Working from home has become increasingly popular as a result of business uncertainty. Because the majority of meaningful tasks in any organization require collaboration, this remote work approach has naturally resulted in a significant increase in the use of collaboration tools like Zoom Conferencing.

Zoom’s daily usage increased by more than 5 times in March. The platform makes it simple for business users and their clients to join meetings at any time. It’s also popular among educators and students who want to take their classes online. Where the good guys go, the bad guys follow, and the platform’s sudden rise in popularity has attracted cybercriminals looking to hijack meetings and exploit security flaws.

Zoom has admitted to the nature and scope of its security flaws. Eric S. Yuan, the CEO and founder of Zoom, apologized for the misunderstanding surrounding this matter, saying: “We acknowledge that we have fallen short of the community’s – and our own – expectations in terms of privacy and security. I apologize profusely for this.” “Zoom was built primarily for enterprise customers – large institutions with full IT support,” Yuan explained. He went on to say that Zoom would be “immediately enacting a feature freeze” and “shifting all of our engineering resources to focus on our biggest trust, safety, and privacy issues.”

Security challenges with Zoom Video Conferencing include:

  • Data Leakage When using the Zoom Windows client group chat feature to share links, anyone who clicks on them will be exposed to their Windows network credentials. Because the Zoom client transforms Windows networking Universal Naming Convention (UNC) paths into clickable links, this is the case. When a user clicks that link, Windows shares the user’s login credentials, resulting in unexpected and unwanted logins to the enterprise cloud architecture. As a result, it’s even more important to have strong password policies in place and to keep track of every instance of UNC path sharing.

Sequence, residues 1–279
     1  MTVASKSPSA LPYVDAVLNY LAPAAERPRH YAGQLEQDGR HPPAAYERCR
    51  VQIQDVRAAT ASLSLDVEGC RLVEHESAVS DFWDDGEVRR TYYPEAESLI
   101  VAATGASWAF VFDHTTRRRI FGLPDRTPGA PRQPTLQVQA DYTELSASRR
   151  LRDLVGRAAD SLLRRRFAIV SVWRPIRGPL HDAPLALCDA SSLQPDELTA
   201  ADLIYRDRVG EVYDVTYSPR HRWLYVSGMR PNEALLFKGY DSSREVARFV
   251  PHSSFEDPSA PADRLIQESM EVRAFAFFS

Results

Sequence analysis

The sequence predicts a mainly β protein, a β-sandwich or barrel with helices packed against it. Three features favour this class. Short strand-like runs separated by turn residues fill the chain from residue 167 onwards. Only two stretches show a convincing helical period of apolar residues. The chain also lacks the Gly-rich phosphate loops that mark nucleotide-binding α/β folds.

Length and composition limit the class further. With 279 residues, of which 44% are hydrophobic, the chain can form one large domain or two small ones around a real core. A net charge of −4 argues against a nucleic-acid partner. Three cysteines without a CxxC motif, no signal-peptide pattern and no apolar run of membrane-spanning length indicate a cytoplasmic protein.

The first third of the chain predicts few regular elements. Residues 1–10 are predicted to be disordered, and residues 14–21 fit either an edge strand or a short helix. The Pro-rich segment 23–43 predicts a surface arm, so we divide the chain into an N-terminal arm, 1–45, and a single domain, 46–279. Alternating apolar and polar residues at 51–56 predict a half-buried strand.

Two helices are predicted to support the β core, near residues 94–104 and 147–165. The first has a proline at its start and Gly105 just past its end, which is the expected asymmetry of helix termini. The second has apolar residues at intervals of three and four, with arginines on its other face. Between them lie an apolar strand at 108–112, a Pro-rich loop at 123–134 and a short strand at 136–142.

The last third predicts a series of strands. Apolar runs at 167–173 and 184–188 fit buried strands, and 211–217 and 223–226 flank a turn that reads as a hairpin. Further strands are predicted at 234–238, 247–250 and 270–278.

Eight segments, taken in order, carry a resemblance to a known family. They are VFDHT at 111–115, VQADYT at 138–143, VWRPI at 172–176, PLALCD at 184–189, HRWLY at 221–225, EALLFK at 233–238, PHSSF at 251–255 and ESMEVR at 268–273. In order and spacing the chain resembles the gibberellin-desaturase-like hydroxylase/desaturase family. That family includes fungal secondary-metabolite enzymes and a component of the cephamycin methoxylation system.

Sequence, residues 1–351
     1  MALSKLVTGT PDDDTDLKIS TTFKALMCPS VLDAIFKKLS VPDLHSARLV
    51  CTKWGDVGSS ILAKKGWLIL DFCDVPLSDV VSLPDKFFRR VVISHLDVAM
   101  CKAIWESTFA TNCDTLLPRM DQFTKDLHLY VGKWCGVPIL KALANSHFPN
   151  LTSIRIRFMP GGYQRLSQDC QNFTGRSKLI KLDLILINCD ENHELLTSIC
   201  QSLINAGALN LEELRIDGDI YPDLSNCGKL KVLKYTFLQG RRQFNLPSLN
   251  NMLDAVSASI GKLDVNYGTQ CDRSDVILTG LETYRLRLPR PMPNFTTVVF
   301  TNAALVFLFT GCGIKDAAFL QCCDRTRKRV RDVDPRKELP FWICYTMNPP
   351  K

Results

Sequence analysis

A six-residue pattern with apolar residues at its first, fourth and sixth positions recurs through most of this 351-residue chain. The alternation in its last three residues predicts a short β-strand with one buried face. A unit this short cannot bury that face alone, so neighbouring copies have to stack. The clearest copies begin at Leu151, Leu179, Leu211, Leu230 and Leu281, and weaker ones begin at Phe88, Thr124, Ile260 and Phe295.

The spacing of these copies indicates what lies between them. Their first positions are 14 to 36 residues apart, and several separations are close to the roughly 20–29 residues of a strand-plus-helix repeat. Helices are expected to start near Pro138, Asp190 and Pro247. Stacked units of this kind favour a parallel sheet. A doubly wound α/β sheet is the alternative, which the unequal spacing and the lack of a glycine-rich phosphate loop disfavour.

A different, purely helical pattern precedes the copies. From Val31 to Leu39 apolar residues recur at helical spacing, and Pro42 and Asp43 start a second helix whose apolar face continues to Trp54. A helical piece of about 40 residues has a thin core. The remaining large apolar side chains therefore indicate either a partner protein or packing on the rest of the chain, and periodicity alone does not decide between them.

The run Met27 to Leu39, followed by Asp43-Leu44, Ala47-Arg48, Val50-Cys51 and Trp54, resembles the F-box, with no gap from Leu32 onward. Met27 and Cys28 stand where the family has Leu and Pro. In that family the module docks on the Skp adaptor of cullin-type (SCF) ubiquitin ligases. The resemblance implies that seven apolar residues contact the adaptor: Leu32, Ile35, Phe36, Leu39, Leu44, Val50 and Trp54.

• Privacy shortcomings – Zoom has been accused of inadvertently disclosing user information to third parties such as Facebook. Although this privacy gap appears to have been closed, it has been reported that the iOS version of Zoom’s app sends analytics to Facebook even for users who do not have a Facebook account.
  • Zoombombing – the practice of hijacking video conversations by uninvited parties to disrupt the usual proceedings. Hijackers have included school children spreading hateful comments or threats, to adults spreading racist content or even pornography. IT security administrators must implement stringent policies to prevent such attacks.

Security best practices for Zoom Conferencing include:

  • Password-protect all your meetings, otherwise anyone will be able to join.
  • Use the waiting room feature – this allows the meeting host to validate each participant before letting them join the meeting.
  • Enforce login policies – use single sign-on (SSO) technologies such as Google or Okta to allow Zoom access.
  • Update the Zoom client – install available updates immediately. Cyber criminals are actively attacking and Zoom is responding quickly – the latest update features password protection for all meetings by default.
  • Do not share your meeting ID, as anyone will be able to join. The UK Prime Minister Boris Johnson highlighted this risk by showing the ID of his cabinet meeting to the entire world via his Twitter account – warn your employees to never copy this idea. Do not post public links to your meeting either.
  • Disable the “Join before host” function to ensure the participants aren’t surprised by malicious actors.
  • Disable participant screen sharing to minimize the risk of meeting hijacking.
  • Lock a meeting when everyone has joined.
  • Keep track of relevant metrics related to your guests, such as which hosts create the meeting most often and for what number of guests, recent activities by guests, what meeting IDs are consistently being used by guests, who outside of your organization is joining meetings most often, foreign participants and where do they join from, etc.
  • Keep track of your user activity, especially if they make changes to their user profiles, consistently use personal meeting rooms, or display anomalous behavior.
  • Ensure you know which accounts have been inactive over the past month.
  • Monitor Windows UNC path sharing.
  • Monitor anomalous admin activities as well as new and deleted users.
  • Do not use Personal Meeting IDs.

Stay safe, be well. Learn more about how CYB3R-X protects organizations against work-from-home cybersecurity risks.